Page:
Reuters, Jan. 9, 2003
By Sarah Mahoney
LEWISTON, Maine, Jan 9 (Reuters) – A white supremacist group whose leader is accused of trying to have a federal judge murdered said on Thursday it will proceed with plans to protest an “invasion” of this New England college community by Somali immigrants.
A spokesman for the World Church of the Creator said the group, which preaches hatred of Jews and blacks on its Web site, would stage a two-hour rally on Saturday in Lewiston, where it says the local white population is fed up with the influx of immigrants from the war-torn East African nation.
The spokesman, the Rev. John King of Newport News, Virginia, said the Lewiston protest would go ahead despite the arrest on Wednesday in Chicago of the Rev. Matt Hale on charges he tried to solicit the murder of U.S. District Court Judge Joan Humphrey Lefkow.
Hale, 31, was arrested as he arrived at Chicago’s federal courthouse to face a possible contempt charge for refusing to obey Lefkow’s November ruling in a trademark case.
Hale told Reuters before his arrest that the Somalis were “invading” Lewiston, and that the residents of Maine’s second-biggest city had welcomed his church’s planned rally with open arms.
“The people of Lewiston want us there,” said Hale, who claims he receives as many as five positive e-mails a day from local residents. “We’ve never received the groundswell of support we’ve gotten from the people of Lewiston.”
But Phil Nadeau, Lewiston’s assistant city administrator, said he doubted Hale’s claims.
“He could say that aliens from Mars want him here, but can he prove it?” Nadeau said. “My impression is there’s a significant number of people in this community who don’t support him and a handful who do.”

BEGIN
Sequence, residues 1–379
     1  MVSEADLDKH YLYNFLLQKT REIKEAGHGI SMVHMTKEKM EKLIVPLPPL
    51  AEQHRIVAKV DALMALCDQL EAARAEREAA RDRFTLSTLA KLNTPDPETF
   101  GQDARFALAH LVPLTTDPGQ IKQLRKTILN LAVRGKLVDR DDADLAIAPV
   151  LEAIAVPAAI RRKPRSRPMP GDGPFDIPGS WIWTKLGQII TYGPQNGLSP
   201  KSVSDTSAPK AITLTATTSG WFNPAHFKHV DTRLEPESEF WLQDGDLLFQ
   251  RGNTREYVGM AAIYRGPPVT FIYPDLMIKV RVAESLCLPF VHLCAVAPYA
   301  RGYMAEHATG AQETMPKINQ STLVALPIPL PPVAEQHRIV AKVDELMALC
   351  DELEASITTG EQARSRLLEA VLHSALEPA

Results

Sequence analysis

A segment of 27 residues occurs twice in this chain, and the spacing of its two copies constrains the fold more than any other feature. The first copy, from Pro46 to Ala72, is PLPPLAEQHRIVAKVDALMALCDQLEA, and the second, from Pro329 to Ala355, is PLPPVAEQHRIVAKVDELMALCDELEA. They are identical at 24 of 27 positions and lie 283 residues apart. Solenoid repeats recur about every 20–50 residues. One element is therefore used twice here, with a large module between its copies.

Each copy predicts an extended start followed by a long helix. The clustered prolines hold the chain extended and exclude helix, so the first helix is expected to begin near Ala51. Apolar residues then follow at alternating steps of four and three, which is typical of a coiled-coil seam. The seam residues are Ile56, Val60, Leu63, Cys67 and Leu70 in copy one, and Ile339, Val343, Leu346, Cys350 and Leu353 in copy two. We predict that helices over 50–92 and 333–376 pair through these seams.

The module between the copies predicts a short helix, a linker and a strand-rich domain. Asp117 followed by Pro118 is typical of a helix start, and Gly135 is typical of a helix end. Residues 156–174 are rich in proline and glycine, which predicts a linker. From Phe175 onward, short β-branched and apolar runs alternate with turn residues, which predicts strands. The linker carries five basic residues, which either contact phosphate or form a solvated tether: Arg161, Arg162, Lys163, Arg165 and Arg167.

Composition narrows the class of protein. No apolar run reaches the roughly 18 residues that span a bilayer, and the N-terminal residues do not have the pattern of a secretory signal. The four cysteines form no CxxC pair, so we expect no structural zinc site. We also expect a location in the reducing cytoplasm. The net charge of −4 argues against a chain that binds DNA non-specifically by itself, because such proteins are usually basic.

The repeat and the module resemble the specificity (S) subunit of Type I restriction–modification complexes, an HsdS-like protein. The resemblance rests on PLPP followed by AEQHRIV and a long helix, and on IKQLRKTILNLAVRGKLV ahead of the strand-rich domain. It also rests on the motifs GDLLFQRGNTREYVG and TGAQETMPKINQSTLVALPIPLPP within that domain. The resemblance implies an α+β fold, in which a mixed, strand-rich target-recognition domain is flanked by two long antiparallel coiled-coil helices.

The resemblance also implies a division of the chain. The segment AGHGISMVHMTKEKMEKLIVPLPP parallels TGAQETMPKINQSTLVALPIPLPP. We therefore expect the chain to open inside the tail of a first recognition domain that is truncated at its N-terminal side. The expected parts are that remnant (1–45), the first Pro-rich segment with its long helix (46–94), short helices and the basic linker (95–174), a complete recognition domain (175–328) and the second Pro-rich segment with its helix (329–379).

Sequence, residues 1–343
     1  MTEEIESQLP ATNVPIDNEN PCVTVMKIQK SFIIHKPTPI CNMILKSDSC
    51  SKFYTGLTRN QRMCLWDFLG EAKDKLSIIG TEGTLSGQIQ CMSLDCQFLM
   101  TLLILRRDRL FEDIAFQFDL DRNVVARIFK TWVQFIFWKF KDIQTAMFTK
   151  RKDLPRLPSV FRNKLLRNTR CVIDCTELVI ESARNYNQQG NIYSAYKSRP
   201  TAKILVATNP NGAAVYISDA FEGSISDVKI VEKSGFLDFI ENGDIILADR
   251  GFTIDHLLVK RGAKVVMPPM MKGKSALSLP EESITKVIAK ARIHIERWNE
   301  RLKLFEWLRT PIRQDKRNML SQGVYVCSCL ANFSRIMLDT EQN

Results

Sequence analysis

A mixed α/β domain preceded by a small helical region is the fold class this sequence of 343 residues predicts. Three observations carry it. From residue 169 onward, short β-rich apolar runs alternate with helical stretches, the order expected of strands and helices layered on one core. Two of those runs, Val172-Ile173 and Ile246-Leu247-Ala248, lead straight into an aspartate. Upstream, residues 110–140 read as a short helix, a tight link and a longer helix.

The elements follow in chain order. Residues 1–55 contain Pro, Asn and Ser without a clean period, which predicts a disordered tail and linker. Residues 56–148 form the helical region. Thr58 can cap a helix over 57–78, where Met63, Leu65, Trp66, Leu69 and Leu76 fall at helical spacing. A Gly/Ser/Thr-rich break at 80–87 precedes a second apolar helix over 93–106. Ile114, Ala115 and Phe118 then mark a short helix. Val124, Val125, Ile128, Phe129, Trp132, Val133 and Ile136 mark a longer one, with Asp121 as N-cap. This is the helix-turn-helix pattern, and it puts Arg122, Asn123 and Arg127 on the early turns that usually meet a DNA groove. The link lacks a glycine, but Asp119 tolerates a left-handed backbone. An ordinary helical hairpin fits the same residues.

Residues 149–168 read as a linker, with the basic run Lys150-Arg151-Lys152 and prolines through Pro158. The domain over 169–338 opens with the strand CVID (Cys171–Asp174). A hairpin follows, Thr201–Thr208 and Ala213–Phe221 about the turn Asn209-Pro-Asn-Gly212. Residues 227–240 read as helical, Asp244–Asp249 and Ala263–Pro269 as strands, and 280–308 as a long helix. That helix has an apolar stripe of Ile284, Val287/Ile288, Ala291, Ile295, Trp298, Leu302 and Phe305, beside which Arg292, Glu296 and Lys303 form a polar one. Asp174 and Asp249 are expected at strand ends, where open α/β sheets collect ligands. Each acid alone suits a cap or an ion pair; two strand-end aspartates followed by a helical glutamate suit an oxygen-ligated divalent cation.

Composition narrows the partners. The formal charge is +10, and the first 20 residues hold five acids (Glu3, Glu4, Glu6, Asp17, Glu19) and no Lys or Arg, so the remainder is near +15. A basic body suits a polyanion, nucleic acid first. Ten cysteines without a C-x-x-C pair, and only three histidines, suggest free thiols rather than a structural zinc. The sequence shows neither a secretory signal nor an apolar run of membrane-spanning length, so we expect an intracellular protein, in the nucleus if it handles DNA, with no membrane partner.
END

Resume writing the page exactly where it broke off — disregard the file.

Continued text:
He noted that while only 40 or 50 people were expected to turn up for the white supremacists’ rally, hundreds — maybe thousands — may attend a planned counter-demonstration the same day that will focus on diversity and attempt to show that Lewiston is embracing its newest residents.
MAYOR’S LETTER TRIGGERED UPROAR
For years, the former mill town was simply known as the place where Muhammad Ali flattened Sonny Liston in 1965.
But its booming Somali immigrant community has thrust Lewiston into the spotlight. More than 1,100 Somalis, seeking affordable housing, have moved to the city of 36,000 people in the past year.
While many U.S. cities — including Minneapolis, Atlanta, and nearby Portland, Maine — have larger Somali populations, few are as homogenous as Lewiston. About 95 percent of Lewiston locals are white, many of them descendants of the French-Canadian immigrants who once worked the mills.
Lewiston Mayor Laurier T. Raymond grabbed national headlines in October when he asked Somalis to stop moving to the city, citing concerns about overwhelmed social services.
“The Somali community must exercise some discipline and reduce the stress on our limited finances and generosity,” Raymond wrote in an open letter. “Now we need room to breathe.”
While the mayor’s office says he never meant to convey a message of bigotry, Raymond’s comments struck many Somalis as racist. The resulting uproar was enough to catch the attention of Hale and his group.
Saturday’s dueling demonstrations will probably prompt the largest mobilization of law enforcement in Maine’s history, officials said. But some of Lewiston residents, particularly the Somalis, said they are worried about the potential for violence as members of Hale’s church descend on Lewiston.
“A lot of Somalis think they are very dangerous, and they are concerned for their safety,” said Fatuma Hussein, director of an organization for Somali women in Maine and one of the scheduled speakers at Saturday’s counter-demonstration.